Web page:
Digital Welfare

This research periodically operated on a pro-bono basis. From October 2016 for a period of 3 months, The University of Leeds EPSRC Impact Acceleration Account and The University of Leeds ESRC Impact Acceleration Account funded some impact acceleration. The project name for this phase of work was: 'Unlocking the potential of administrative ‘Big Data’ for improving local authority policy making: future-proofing the local welfare state'. From February to July 2014 some of this work was funded as part of the RCUK Digital Economy Communitites and Culture Network+ under the theme of Communities and Culture. Previously this work was supported by the ESRC Talisman Project - a node of the National Centre for Research Methods (NCRM).

Final report

The work involved a combined qualitative and quantitative analysis of welfare benefits, welfare reform and advice geographies in contemporary Leeds. Interviews and focus groups were part of the qualitative work undertaken in 2014. This work was reported in an interim report.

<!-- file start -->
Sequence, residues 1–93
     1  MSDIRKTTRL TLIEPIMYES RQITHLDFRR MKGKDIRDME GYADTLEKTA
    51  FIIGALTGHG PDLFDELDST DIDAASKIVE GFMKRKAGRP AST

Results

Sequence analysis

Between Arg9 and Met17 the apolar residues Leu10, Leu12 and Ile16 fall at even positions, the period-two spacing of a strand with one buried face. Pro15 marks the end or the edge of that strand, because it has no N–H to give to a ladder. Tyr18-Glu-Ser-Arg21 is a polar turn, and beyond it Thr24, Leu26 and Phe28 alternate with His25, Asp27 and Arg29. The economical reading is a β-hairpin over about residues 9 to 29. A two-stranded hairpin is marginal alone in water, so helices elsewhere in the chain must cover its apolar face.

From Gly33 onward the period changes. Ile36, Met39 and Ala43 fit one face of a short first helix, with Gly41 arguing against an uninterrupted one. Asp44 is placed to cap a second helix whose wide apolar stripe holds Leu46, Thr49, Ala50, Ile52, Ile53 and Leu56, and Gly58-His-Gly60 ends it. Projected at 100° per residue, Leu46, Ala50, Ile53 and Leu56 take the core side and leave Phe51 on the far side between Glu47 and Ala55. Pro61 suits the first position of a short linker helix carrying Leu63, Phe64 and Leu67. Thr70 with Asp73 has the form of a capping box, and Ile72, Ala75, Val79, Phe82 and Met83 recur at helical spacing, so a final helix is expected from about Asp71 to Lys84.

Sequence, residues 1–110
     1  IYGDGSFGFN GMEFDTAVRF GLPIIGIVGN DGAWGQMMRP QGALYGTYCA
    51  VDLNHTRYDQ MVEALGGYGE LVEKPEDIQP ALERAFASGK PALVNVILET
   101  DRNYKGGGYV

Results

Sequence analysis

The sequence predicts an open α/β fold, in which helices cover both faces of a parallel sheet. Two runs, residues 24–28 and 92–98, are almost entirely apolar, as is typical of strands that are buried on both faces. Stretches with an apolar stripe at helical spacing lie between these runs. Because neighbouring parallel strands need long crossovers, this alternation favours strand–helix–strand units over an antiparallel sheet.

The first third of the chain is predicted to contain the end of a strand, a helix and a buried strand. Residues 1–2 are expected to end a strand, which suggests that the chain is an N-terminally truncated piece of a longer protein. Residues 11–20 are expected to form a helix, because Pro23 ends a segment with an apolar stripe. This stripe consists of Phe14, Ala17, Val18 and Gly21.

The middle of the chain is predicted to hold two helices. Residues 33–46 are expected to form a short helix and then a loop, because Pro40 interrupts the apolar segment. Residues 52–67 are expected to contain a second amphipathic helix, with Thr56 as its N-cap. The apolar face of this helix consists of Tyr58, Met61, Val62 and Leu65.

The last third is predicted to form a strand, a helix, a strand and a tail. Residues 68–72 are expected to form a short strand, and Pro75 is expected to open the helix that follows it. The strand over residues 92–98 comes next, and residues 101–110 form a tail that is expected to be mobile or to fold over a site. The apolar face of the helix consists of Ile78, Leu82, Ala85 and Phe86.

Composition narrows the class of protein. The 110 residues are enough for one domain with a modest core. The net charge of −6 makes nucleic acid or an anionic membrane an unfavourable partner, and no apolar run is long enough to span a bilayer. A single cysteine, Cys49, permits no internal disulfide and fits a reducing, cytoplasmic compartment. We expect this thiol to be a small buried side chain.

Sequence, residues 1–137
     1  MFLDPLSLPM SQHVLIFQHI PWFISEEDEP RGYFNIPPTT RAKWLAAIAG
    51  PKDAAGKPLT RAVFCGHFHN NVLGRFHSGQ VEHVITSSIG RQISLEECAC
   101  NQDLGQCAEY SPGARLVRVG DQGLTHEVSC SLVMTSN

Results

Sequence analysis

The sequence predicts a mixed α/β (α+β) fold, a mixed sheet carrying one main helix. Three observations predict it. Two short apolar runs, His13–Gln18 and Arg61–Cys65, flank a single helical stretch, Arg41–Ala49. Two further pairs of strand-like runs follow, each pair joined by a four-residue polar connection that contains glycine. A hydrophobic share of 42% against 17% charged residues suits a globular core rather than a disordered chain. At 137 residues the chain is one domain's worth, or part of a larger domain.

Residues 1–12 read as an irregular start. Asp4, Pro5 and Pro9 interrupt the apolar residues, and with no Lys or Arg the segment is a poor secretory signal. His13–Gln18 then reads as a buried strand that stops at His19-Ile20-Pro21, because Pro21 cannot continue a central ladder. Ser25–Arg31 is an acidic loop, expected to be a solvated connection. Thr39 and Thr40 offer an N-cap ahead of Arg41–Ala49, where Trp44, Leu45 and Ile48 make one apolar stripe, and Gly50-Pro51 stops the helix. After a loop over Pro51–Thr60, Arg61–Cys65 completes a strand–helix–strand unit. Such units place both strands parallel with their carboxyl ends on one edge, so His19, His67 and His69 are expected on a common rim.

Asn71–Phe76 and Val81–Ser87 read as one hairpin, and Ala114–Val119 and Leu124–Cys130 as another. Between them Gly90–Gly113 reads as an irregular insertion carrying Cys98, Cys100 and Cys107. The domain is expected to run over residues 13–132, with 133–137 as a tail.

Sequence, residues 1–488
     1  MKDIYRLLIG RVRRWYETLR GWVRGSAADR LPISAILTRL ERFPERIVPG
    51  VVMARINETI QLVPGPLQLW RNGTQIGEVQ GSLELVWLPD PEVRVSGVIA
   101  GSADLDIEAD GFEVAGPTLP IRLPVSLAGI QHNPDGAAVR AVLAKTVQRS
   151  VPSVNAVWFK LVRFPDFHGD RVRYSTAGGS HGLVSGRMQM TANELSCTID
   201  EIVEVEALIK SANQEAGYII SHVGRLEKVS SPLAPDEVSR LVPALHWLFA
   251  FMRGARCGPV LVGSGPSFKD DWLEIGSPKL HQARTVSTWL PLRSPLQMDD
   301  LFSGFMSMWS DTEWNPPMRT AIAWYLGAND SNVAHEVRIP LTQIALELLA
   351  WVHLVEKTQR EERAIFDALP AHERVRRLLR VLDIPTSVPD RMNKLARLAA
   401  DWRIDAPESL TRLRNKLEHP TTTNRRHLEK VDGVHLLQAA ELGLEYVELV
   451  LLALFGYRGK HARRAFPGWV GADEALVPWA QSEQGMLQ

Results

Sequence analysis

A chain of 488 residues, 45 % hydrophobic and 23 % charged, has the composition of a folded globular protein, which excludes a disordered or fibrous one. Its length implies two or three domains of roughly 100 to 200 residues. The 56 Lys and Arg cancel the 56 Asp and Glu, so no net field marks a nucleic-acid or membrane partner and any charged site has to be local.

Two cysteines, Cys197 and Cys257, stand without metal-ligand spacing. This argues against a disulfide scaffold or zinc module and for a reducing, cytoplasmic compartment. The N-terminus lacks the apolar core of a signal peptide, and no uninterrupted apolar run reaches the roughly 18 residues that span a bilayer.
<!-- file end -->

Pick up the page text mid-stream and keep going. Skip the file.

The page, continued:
The researched focused on digitalisation and aimed to look at the impacts of contemporary welfare policy changes on both service users and service providers. Digitalisation refers to how access to benefits and advice and the interface between service users and providers was becoming more online and computerised and less face to face and human. The research helped to better understand the distribution and demand for advice services and the changing economic geography of housing benefit and council tax relief claims. Advice agency client data was mapped and analysed spatially to examine the changing supply and demand for advice over time in the Leeds City Region. Housing Benefit and Council Tax Relief claims data were mapped and explored in relation to the distribution of formal advice agency client data and census data (in particular measures of deprivation).

The research explored residential movements of Housing Benefit populations in the Leeds Local Authority District from 2008 with a particular focus on those effected by under-occupancy with respect to the 'Removal of the Spare Room Subsidy' or 'Bedroom Tax' from April 2013.

Digital Welfare Project Google Docs Master Document